Simplicity: The Distribution of Complexity

A note
Apologies for my late arrival to Simplicity’s party, but I’ve been pretty busy and I had to work late. The simplicity party has been going on for almost a year, and maybe that explains why it’s been turning ugly lately. Apparently, one of the guests (Don Norman, no less) insulted the guest of honor by suggesting that Simplicity is overrated, and stirred up quite a lot of controversy. But like many things, Simplicity isn’t overrated; it’s just misunderstood. Let me explain…

book: law of simplicitySimplicity didn’t get so popular on its own merits. It really came on the scene last summer – promoted by none other than MIT professor and renowned designer John Maeda in his book The Laws of Simplicity (Simplicity: Design, Technology, Business, Life).But simplicity has never been simple. In my review of Maeda’s book, I praised The Laws of Simplicity for focusing on the subject of simplicity in design, but noticed it failed to represent its own principles effectively. The book itself is an artifact of forced simplicity, with form taking precedent over utility. For example, Maeda intentionally limits himself to exactly 100 pages, to describe exactly ten principles of simplicity. Was it just convenient coincidence that there are ten principles worth discussing – not eight or thirteen?

The book, like many other modern products, was engineered to be simple through a set of pre-defined parameters (number of pages, number of topics), likely prescribed at the outset. Defining a framework upfront is one way to constrain a design to try to avoid complexity, but it is not sufficient. Rather, true simplicity is determined by a set of decisions made during the design process that respect the nature of the subject being designed.

Distributing Complexity in the System

The flaw with the simplicity/complexity controversy is that it gives the impression that designers are making a binary choice – but simplicity and complexity are not polar opposites. In fact, making something “simpler” is often a case of relocating complexity, rather than eliminating it from the user-technology relationship. For example, from the driver’s perspective, a manual-shift transmission is more complex than an automatic transmission. But from an overall systems perspective, the automatic transmission is equally or even more complex.

Similarly, simplicity may also be realized or distributed in different ways in a user interface. Consider the classic “breadth vs. depth” choice in information architecture. Information may be organized in a broad, but shallow arrangement, with many choices initially available; or narrowly, with limited choices initially available, but accessible through deeper navigation.

In the broad approach, simplicity is achieved by quick access to visible choices, with a limited number of clicks – in a sense this approach is mechanically simple. Conversely, the deep design achieves simplicity by limiting the number of choices available at any one time. There is less visual scanning required to review choices, and, arguably, less cognitive work required to differentiate and select from among the available choices – it is perceptually simple.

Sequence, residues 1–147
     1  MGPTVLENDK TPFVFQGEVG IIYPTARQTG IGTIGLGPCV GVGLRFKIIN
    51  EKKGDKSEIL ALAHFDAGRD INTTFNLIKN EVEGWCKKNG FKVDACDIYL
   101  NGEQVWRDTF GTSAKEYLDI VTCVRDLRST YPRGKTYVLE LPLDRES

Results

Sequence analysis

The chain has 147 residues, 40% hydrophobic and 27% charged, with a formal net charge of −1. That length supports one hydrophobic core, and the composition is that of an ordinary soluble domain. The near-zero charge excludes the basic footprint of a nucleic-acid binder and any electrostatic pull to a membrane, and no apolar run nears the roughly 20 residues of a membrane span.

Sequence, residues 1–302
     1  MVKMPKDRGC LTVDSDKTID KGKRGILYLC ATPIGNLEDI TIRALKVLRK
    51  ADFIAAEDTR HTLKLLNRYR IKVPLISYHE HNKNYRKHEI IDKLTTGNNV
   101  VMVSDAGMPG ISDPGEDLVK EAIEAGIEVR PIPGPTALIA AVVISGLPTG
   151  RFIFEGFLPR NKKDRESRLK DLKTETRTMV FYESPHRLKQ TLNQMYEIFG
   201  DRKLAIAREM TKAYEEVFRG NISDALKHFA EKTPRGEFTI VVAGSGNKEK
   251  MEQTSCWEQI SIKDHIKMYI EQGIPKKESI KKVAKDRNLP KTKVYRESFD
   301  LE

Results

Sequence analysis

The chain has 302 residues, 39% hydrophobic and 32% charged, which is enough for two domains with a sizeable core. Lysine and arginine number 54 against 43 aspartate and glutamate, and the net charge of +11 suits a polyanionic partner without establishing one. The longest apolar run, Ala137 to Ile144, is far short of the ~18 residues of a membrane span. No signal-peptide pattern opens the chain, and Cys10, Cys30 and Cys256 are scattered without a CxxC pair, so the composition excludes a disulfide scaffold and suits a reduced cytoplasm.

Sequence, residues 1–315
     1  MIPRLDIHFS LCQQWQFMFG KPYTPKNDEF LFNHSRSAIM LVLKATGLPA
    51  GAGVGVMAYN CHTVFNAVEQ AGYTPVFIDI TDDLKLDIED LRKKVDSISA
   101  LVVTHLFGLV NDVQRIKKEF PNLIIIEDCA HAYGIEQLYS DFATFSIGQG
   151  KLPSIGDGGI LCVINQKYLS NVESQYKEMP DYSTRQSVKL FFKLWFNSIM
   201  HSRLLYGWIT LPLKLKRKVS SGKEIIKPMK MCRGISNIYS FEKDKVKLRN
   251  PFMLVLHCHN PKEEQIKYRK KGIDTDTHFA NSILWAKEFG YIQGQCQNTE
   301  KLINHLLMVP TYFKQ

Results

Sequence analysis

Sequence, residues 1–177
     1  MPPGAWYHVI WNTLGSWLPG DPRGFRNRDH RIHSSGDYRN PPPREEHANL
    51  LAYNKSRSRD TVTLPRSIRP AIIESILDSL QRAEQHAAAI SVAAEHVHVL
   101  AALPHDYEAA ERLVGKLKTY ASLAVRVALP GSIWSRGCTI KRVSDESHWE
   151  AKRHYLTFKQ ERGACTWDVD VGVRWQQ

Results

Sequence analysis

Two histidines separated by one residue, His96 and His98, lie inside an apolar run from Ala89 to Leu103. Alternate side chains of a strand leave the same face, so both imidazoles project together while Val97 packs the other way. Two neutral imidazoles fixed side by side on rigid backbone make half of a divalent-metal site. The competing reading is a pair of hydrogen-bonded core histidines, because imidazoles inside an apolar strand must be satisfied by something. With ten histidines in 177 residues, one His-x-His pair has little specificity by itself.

So, given a fixed set of elements (e.g. navigation choices), there are multiple attributes of simplicity than can be addressed to varying degrees. The success or failure of a design is largely dependent on achieving the right balance among these attributes of simplicity. An infamous example of this was BMW’s i-Drive controller, designed to operate a range of automotive systems from a single control. The resulting user experience was confusing and complex as BMW relied too much on mechanical simplicity (a single, clickable rotary control) at the cost of perceptual and cognitive simplicity.

Distributing Complexity in the Design Process

Producing a simple design is challenging. Despite the online debates about the value of simplicity, the real simplicity/complexity controversies occur during the design process, with concern over where to place complexity in the user-system continuum. A user interface solution that thoughtfully places complexity on the system side, rather than the user side, is typically referred to as “simple.” To get to such a solution, the design team will need to deal with issues of complexity, rather than leaving it to the end-user of the resulting product. “…making something ‘simpler’ is often a case of relocating complexity, rather than eliminating it from the user-technology relationship.”

So how does a designer or design team address complexity in the design process? And what guidelines are available for figuring out where to place complexity? Fortunately there are methods to help determine how to allocate functions between people and machines. Fitt’s Law, for example, has been a standard human factors tool for over 50 years, guiding the allocation of tasks between people and systems. Ultimately, design decisions need to be resolved through research methods as well as known principals.

The following examples suggest how design decisions can be resolved through analysis and user evaluation:

Unique vs. Redundant: